|Department of Public Information • News and Media Division • New York|
Press Conference on International Widows’ Day
Following his participation in a special event on the occasion of the inaugural celebration of International Widows’ Day at United Nations Headquarters in New York today, Raj Loomba, Founder and Chairman Trustee of the Loomba Foundation, thanked United Nations Secretary-General Ban Ki-moon and the international community at large for officially recognizing the day that his foundation had initiated in 2005.
Speaking after the event, Mr. Loomba said the Foundation was created in 1997, and was initially focused on relieving the desperate plight of poor widows and their children in India — and that remained an important objective. However, he came to realize that the problem was by no means confined to India alone.
“I was shocked to discover that widowhood was a huge problem not only in India, but across Africa,” he explained. “They were losing husbands through HIV, through genocide, through conflict, and they were becoming destitute. They were not looked after by Governments or NGOs and they were shunned by society. It’s such a big problem, and yet nothing has been done”. In Africa, the problem was even more deep-rooted than current conflicts and HIV, because attitudes there were founded in traditions and so-called “customary laws”.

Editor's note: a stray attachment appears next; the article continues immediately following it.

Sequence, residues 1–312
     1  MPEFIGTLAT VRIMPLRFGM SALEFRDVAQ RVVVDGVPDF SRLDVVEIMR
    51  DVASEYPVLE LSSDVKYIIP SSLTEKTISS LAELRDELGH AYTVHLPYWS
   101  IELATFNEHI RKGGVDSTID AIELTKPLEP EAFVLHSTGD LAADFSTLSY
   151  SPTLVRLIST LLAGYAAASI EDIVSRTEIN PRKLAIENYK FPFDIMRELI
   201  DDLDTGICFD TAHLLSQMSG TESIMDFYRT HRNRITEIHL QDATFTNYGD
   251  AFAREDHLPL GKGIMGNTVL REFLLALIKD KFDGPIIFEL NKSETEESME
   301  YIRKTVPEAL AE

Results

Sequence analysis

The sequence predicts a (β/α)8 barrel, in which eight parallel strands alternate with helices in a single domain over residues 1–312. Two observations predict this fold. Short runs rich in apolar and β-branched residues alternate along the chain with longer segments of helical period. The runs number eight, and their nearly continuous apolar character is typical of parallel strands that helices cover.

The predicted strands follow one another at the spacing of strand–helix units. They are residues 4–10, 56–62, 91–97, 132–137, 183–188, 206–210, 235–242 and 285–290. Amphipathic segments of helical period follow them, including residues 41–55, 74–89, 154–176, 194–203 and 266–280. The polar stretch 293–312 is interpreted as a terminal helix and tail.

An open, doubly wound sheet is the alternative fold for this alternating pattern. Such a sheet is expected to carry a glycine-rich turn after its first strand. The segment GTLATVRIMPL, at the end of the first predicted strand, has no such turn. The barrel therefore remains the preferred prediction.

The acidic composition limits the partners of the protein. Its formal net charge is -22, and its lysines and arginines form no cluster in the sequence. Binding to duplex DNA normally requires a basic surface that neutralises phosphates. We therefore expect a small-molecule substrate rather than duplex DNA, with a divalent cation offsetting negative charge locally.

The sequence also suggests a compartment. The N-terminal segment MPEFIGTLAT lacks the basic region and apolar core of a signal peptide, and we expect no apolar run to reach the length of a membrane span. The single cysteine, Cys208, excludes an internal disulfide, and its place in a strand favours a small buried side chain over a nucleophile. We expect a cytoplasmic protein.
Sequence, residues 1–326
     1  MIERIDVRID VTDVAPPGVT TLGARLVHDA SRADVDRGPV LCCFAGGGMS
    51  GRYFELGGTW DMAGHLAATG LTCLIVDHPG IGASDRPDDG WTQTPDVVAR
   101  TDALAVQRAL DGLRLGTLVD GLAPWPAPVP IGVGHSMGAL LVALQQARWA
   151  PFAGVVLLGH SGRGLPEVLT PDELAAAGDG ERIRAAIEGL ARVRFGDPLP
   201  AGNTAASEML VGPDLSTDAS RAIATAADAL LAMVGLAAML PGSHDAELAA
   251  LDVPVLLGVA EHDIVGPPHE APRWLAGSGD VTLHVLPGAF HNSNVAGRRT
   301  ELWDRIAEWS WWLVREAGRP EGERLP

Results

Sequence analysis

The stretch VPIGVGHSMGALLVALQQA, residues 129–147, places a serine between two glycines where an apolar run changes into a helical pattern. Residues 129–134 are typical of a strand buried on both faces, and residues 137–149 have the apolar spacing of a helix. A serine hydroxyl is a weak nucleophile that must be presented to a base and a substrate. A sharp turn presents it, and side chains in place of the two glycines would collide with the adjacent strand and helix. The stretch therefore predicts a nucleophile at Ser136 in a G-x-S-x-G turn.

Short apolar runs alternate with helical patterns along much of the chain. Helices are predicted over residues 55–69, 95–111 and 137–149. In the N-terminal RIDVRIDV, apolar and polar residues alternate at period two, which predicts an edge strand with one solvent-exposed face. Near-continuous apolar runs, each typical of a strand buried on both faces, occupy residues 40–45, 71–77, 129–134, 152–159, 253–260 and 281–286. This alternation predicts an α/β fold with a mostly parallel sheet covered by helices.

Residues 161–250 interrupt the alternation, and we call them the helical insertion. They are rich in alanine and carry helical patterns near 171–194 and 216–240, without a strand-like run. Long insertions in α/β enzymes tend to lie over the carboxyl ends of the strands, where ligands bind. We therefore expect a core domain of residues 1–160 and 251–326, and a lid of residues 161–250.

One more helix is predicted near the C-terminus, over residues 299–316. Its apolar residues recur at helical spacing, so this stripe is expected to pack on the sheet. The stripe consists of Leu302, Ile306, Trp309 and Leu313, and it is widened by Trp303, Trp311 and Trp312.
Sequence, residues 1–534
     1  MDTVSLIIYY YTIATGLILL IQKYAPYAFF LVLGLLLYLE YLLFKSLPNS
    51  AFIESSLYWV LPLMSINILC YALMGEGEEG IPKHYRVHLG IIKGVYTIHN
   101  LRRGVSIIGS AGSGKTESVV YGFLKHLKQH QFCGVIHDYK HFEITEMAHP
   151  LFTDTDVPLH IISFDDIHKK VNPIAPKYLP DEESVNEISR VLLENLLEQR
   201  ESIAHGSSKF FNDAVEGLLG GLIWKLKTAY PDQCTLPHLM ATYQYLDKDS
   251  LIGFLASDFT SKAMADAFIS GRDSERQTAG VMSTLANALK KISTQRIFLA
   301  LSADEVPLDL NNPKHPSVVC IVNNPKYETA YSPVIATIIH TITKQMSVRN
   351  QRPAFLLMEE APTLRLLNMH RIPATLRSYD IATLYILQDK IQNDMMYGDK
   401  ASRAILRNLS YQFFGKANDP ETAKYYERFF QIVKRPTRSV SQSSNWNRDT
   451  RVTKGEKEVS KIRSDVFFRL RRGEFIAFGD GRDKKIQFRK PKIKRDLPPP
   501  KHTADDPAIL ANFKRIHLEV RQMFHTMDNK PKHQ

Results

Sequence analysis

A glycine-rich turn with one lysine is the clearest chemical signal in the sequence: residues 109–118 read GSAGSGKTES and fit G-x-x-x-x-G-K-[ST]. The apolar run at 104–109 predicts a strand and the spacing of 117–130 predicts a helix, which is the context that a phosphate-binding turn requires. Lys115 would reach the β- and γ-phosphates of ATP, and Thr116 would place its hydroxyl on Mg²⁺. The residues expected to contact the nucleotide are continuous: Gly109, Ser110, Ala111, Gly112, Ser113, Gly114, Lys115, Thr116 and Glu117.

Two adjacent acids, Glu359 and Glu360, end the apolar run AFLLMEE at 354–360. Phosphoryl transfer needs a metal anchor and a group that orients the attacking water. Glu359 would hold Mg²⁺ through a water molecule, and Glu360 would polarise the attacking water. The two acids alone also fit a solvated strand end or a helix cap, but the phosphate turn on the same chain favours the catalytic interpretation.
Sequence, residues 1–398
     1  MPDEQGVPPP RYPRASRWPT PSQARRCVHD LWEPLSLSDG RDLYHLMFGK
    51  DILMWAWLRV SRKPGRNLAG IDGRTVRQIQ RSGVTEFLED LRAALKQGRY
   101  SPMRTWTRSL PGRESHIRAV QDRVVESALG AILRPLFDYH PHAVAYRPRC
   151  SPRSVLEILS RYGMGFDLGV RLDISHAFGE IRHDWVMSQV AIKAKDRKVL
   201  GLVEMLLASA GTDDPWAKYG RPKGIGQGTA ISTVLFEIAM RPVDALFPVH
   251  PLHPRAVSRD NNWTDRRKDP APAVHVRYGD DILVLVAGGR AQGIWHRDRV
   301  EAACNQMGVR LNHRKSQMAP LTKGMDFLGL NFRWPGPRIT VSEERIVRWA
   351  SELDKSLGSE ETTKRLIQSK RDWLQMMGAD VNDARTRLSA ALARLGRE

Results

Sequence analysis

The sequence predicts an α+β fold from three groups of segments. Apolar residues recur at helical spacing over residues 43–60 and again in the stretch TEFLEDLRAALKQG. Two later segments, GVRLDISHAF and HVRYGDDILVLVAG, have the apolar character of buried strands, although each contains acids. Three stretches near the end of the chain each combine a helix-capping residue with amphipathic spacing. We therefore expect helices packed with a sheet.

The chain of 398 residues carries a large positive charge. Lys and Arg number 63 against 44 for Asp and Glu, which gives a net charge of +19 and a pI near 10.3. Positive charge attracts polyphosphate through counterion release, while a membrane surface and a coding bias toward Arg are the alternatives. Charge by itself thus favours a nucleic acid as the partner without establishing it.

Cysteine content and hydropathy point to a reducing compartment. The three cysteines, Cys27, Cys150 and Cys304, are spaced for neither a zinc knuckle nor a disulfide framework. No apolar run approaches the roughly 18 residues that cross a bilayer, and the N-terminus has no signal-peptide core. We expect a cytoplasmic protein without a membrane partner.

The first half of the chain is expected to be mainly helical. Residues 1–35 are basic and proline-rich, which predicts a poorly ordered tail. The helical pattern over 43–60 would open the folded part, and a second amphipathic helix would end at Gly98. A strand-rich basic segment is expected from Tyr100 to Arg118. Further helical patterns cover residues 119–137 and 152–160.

Earlier, the panel discussion held to mark the day also included as participants Madam Ban Soon-taek, the Secretary-General’s wife, and Cherie Blair, the President of the Loomba Foundation and the former first lady of the United Kingdom. The event was organized by Michelle Bachelet, the Executive Director of UN Women, and Sylvia Bongo Ondimba, the First Lady of Gabon.
In his statement to mark the day, Secretary-General Ban urged societies to ease the hardship that widows endure when their husbands die by respecting their rights to such social entitlements as access to inheritance, land tenure, employment and other means of livelihood. “All widows should be protected by the rights enshrined in the Convention on the Elimination of All Forms of Discrimination against Women and other international human rights treaties,” said Mr. Ban. (See Press Release SG/SM/13655.)
The International Day was officially recognized by the United Nations General Assembly, on a proposal by the Government of Gabon, on 22 December 2010 (document A/RES/65/189). It aims to be an annual global day of action to address the poverty and injustice faced by millions of widows and their dependents in many countries of the world.
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